I have sung in a lot of other films too but yes, those were smaller parts. I have sung the title song of ‘Rok Sako To Rok Lo’ along with Shaan and Babul Supriyo. I had also sung in ‘Jo Jeeta Wohi Sikandar’. I have sung for one of my upcoming films called ‘Love You Loktantra’. The film has been written by Sanjay Chhel. It has been directed by a young filmmaker called Abhay.
You had also sung for the album ‘Rhythmic Love’ which you had put together with brother Jatin in the ‘80s. A couple of songs from that album were reimagined for the films you did in the ‘90s. For instance, the song ‘Dil Kehta Hai’ from the album became ‘Chand Taare’ in ‘Yes Boss’.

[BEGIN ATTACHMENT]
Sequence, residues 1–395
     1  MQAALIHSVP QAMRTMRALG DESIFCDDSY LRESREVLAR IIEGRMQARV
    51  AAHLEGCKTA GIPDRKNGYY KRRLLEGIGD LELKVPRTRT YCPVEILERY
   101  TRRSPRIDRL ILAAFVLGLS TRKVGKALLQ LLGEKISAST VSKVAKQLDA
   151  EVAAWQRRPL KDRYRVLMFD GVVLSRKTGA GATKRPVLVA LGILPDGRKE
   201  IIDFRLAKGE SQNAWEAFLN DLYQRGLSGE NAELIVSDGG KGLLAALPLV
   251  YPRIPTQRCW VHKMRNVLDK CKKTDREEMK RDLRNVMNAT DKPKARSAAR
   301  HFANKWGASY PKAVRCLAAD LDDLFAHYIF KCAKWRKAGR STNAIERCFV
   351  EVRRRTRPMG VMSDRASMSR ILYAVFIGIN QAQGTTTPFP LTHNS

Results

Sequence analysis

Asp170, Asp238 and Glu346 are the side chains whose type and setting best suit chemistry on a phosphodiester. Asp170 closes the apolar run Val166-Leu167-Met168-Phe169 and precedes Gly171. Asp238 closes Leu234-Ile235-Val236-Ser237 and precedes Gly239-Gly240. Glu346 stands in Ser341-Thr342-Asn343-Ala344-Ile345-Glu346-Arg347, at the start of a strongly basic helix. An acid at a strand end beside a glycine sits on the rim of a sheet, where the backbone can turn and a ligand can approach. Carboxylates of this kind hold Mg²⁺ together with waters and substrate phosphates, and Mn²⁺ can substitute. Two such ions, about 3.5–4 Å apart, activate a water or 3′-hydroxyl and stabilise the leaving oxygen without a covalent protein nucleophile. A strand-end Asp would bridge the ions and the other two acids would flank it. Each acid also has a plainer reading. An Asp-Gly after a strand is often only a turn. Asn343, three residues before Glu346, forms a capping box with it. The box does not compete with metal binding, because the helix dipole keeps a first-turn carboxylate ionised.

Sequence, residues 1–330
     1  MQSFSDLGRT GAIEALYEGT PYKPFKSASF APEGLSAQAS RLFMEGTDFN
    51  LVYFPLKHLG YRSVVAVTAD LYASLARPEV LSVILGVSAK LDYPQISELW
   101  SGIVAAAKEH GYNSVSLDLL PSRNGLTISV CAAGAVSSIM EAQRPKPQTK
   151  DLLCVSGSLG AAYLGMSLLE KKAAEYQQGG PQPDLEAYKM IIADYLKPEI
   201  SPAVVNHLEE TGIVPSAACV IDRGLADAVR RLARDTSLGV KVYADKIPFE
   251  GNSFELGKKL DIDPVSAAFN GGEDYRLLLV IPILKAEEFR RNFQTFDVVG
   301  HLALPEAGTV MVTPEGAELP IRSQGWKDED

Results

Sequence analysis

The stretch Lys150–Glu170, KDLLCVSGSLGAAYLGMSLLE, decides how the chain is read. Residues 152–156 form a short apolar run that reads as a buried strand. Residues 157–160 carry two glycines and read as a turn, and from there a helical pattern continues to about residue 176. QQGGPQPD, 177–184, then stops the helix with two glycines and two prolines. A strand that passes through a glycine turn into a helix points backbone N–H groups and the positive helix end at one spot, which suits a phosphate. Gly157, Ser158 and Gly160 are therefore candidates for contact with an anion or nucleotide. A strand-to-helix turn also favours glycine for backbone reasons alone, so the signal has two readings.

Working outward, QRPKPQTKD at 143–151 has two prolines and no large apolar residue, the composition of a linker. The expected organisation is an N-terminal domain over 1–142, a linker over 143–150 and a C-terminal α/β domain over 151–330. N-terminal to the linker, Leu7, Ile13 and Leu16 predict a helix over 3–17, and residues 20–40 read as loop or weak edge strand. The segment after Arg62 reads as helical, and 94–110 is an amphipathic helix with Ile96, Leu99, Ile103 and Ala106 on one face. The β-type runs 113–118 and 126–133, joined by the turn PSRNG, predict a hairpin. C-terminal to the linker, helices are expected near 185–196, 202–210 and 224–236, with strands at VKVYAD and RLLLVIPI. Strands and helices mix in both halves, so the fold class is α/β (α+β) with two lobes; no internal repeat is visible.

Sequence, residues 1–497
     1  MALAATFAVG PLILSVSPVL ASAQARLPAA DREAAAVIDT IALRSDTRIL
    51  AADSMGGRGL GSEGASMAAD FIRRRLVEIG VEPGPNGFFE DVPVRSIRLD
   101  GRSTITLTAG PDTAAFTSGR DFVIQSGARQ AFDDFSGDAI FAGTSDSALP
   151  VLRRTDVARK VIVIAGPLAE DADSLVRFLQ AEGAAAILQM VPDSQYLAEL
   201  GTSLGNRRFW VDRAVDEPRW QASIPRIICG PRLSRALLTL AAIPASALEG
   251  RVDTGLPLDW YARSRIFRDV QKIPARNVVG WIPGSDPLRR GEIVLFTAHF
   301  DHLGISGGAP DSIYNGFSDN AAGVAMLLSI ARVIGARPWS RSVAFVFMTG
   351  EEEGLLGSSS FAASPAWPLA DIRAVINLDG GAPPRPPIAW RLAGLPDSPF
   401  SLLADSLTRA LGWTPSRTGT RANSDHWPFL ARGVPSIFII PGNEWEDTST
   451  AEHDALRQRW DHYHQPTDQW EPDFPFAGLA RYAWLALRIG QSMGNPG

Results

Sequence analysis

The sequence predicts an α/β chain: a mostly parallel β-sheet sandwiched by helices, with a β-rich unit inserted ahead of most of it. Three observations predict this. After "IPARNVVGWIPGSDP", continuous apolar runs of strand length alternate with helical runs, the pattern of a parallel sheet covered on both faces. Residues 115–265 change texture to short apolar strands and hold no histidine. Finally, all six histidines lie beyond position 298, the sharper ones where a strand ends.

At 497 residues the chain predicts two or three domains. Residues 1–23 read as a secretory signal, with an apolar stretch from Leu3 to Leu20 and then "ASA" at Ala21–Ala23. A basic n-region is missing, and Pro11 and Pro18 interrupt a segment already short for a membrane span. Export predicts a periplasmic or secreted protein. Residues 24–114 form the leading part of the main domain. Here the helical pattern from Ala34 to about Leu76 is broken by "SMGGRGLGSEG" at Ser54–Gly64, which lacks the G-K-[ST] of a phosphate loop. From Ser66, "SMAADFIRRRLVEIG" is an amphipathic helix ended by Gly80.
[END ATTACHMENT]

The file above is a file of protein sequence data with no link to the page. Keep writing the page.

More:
That’s right. ‘Rhythmic Love’ was one of my earliest works as a composer. We recorded that album in October 1986. All the hit songs, which were spawned from the album like ‘Bin Tere Sanam’ (‘Yaara Dildara’), ‘Chand Taare’ (‘Yes Boss’), ‘Tum Hi Hamari Ho Manzil’ (‘Yaara Dildara’) from the album were composed by me. Jatin had sung many of my compositions for the album.
Is it true that Mirza brothers heard the album and offered you ‘Yaara Dildara’, your debut film as a composer?
Yes, that’s right. ‘Rhythmic Love’ had some really good songs but unfortunately, it was not publicised very well. Shahrukh and Mahrukh Mirza were my friends. I made them listen to the album and they liked it so much that they offered us ‘Yaara Dildara’. The music of the film is popular till date.
Apart from films, you kept working on private albums/songs from time to time. There was ‘Jahan Ho Pyar Ka Mausam’ from the debut album of the pop band ‘Viva’. You had also composed a terrific song called ‘Ana Ki Chandi’ for a Pakistani serial in the mid-2000s that was sung by Sonu Nigam and Shreya Ghoshal.